The 2-star rating given by the reviewer below is typical of listeners who can hear only the surface of a performance. Giulini made a studio Verdi Requiem in 1963 that by common agreement is a classic of the gramophone, and around that time he took the same Philharmonia Orch. and chorus into Albert Hall for a Proms Concert version (there's yet a third reading, live from Royal Festival Hall, also on BBC Legends but in mono). When choosing which Giulini to buy, bear in mind that the EMI is nearly a perfect match of great singers, musicians, and conductor--the Philharmonia Chorus was arguably the best in the world at the time, due to chorus master Wilhelm Pitz. This live reading comes close to that ideal, except in the solo singing.
It goes without saying that this is a special performance--tender, humane, reverent--but it's also true that the sound is fairly basic FM-radio stereo. It sounds best in soft passages or when the soloists are singing and gets congested in volcanic eruptions like the Dies Irae (not to the point of being unlistenable, however). The quartet of English soloists do well, even though they aren't as authoritative as their studio counterparts. The only serious lapse is the Libera me, when the soprano, Amy Shuard, can't manage enough fervency or vocal weight.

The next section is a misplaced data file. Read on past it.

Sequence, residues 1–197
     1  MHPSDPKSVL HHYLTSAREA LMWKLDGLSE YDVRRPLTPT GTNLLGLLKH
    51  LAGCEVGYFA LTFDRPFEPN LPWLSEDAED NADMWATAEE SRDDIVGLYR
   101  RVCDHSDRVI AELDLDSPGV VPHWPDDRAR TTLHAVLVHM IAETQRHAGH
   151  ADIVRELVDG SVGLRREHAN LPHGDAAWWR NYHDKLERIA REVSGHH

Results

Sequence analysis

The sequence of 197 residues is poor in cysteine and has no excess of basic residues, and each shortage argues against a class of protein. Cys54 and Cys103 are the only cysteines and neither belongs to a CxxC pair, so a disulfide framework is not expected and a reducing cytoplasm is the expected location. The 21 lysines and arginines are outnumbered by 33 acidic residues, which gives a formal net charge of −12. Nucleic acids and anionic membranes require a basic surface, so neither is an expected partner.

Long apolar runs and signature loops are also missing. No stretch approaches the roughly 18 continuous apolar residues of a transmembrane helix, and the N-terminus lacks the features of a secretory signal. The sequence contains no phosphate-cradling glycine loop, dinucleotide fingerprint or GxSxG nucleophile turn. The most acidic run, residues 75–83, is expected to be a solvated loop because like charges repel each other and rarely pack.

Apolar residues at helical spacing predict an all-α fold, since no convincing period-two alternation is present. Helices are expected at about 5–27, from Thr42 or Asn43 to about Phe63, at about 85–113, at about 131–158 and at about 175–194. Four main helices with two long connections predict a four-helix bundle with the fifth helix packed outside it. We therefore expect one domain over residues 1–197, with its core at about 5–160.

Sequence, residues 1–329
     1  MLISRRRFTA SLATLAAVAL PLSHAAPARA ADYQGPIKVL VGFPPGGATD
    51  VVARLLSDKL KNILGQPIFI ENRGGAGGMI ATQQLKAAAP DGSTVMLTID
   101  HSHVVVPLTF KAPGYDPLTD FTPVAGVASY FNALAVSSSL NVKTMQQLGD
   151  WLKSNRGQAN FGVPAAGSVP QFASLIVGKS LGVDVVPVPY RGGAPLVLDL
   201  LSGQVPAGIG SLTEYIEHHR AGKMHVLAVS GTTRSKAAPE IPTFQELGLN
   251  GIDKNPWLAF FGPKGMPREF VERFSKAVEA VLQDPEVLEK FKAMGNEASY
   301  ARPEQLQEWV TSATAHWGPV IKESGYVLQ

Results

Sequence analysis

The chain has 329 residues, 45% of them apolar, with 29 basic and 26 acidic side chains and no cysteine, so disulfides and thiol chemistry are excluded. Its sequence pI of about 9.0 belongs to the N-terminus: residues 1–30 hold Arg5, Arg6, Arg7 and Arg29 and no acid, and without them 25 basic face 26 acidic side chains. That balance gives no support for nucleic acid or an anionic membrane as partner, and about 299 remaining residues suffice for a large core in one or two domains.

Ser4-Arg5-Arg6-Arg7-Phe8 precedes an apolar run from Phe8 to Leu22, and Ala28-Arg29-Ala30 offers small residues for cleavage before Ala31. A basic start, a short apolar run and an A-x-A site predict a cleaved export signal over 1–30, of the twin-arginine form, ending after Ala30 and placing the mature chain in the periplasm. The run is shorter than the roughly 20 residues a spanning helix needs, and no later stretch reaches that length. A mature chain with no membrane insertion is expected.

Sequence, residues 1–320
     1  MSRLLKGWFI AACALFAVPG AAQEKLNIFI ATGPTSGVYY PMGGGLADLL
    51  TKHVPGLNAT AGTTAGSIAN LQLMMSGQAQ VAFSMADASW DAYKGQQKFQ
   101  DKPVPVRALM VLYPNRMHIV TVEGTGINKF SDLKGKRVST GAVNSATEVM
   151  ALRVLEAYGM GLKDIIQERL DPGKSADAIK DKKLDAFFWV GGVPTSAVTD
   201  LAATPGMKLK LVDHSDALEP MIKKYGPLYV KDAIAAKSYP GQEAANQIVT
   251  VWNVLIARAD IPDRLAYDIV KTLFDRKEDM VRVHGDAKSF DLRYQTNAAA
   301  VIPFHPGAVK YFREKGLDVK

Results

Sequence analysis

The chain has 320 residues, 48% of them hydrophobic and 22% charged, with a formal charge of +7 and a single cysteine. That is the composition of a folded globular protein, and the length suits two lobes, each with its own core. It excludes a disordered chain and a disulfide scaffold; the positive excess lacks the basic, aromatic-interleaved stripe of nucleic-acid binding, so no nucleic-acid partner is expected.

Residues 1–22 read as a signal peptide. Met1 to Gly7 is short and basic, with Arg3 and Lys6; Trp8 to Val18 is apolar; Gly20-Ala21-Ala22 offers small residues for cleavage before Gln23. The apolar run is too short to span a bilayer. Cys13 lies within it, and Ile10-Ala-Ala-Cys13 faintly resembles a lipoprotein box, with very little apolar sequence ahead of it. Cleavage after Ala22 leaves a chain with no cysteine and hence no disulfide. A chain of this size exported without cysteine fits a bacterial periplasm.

What this CD comes down to is Giulini, and he is at his finest. This isn't a carbon copy of the EMI recording; he's freer, more flexible, less studio-bound. In addition, there are two very attractive fillers: a Vespri Siciliana Over. from 1963 and Schubert's late E-flat Mass, D. 950 from 1968. The 55-minute Scubert work, almost totally for chorus and orchestra, is a masterpiece that Giulini loved, and his reading is among the most inspiring I've ever heard.
In sum, a five-star set if one ever existed, but be aware of the limitations in the sonics and the solo quartet.